Welcome to the Marketing Hall of Fame. The first three entrants have reached Immortal status. Each were born into humble beginnings but triumphed through hard work, genius ideas, and great timing. They also seem to have gotten the “right people on the bus”, as Jim Collins says in “Good to Great” (I’ll write about that book at some point since many of its principles are what lie behind many Hall of Famers’ success). Some may argue that these are just people, not marketeers. Au contraire! Some of the world’s best marketing pros never earned an MBA and can’t build an ROI spreadsheet. The only three-letter-acronym they live is TCB, baby!
Immortal Hall of Fame Winner: the Dalai Lama
Threw you for a loop with that one, huh? The current Lama was born into a peasant family in a remote area of Tibet before his discovery and subsequent training as a Buddhist monk. He was called upon to accept leadership during a time of polital unrest, and played a key role in inspiring his followers to stand against the invading Chinese. Unfortunately, the Lama had to take it on the lam to avoid having his head chopped off and went into exile.
Fast forward to the late 80s… his Holiness did the unthinkable: he came to the US. Prior to the current Lama, Buddhism was mostly seen as an Asian philosophy and religion. Through his many efforts as a speaker, political activist, and (later) author, the Lama has brought Buddhism to the West. He also has a website, podcasts, t-shirts, and actively embarks upon speaking tours. This impressive mix of tactical tools is backed up by strong messaging, easy-to-understand concepts, and application to the life of modern people. He also granted Bill Murray total consciousness on his death bed, so he’s got that going for him.
The Lama has successfully made Buddhism hip. Take that, Pat Robertson!
Immortal Hall of fame Winner: Oprah Winfrey
Here’s a woman who is so well-recognized that she doesn’t even need a last name. When Oprah speaks, everyone listens (or else!). A rural Southerner by birth, the Big O rules over the airwaves from her Chicago-based kingdom. After cutting her teeth in smaller markets, Oprah made the move to the windy city in the early 1980s, dominating her timeslot almost from the very moment she stepped on stage. Her every-woman appeal and openness appealed to a demographic of women who were probably pretty sick of hearing Phil Donahue tell them how hard they had it.
After going into national syndication a couple of years later, Oprah blew up (literally and figuratively). Her personal battles with weight were well-publicized and, rather than shying away from the attention, Oprah ran with it. The honesty paid off and more people began to tune in. As the show evolved, the format moved away from trashy tabloid chatter and into a refined yet still personal interview & discussion program. Since she was now running the production house, O had free reign over it all. She also began pulling in her other passions such as reading, the arts, and cooking, promoting pet projects and business partners through the show. The crowd continued to gobble it all up, buying every book and watching every movie Oprah told them to check out. And why not? She has taste! Oprah’s Book Club became the indicator for sales success. Her brand extension into monthly publications has earned her a staggering amount of cash while further pushing her popularity. She is so good that she made Dr. Phil a star (and lord knows he shouldn’t be).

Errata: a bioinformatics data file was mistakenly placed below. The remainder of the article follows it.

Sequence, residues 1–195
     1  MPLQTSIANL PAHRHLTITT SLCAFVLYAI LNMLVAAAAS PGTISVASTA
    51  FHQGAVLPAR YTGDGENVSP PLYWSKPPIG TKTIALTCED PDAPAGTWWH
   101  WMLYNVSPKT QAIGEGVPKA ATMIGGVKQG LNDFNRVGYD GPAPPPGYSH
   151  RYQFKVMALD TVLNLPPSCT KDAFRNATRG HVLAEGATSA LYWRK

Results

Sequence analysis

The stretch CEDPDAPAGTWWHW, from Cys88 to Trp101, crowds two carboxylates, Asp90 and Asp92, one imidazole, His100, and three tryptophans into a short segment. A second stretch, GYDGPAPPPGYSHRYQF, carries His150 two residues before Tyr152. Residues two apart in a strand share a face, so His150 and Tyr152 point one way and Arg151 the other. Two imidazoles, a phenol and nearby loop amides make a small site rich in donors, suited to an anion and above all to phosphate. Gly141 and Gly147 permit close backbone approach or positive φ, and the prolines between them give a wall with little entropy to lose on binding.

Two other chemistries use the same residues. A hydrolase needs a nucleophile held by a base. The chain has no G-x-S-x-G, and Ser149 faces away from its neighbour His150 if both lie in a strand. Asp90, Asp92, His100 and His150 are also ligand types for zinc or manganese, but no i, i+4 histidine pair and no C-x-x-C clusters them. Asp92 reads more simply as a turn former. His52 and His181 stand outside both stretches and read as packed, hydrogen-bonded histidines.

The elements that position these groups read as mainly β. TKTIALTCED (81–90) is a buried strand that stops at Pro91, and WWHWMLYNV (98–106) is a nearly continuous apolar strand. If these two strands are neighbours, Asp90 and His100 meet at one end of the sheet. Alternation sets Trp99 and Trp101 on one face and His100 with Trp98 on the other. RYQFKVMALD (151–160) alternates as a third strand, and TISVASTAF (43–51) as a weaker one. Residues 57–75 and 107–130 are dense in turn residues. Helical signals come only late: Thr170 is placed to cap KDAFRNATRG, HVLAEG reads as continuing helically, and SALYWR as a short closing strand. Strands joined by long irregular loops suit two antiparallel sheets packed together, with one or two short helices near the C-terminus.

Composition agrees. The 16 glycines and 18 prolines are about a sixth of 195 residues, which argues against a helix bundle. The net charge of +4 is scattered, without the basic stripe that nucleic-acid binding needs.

Whether she’s buying volcanos in Maui or begging Tom Cruise to get off her sofa, Oprah is always in control and has had an indelible impact upon the American experience through shrewd marketing & business practices.
Immortal Hall of Fame Winner: Richard Branson
Ah, Branson. He’s my personal idol and marketing sherpa. I would love to work for this guy. I’d just sit at his feet all day and listen because his sh*t is wired tight.
Beginning in business as a teenager, Sir Richard leveraged his love of music to build an accidental empire. He went from punk kid, to newsletter publisher, mail-order record business, to shop owner, to producer, to airline owner, to megal mogul by the time he was 30. While some feel he just plain got lucky with his first global success (the release of “Tubular Bells” aka the Exorcist theme), though it was hard work and smart moves that has kept this guy a winner. But the secret in his sauce, in my opinion, is that the guy is BOLD! How many people would have the cojones to call their enterprise “Virgin”? How many would personally stick their own necks out for crazy publicity stunts of every sort? How many would have the chutzpah to even attempt to launch an intergalactic travel division? How many would be crazy enough to have Mariah Carey hang out on his private island for a week? (a week with Mimi? I don’t think I could stomach five minutes with that loon. Sir Richard is a brave man!)
I could rhapsodize about this guy all day long. While he’s lately taken on a self-effacing, cult of personality sort of bent, the fact is that Branson is The Man when it comes to marketing. He knows what he’s doing, why he’s doing it, and what results it’s go to yield. Call me, Sir Richard! Let’s do lunch (on that private island of yours).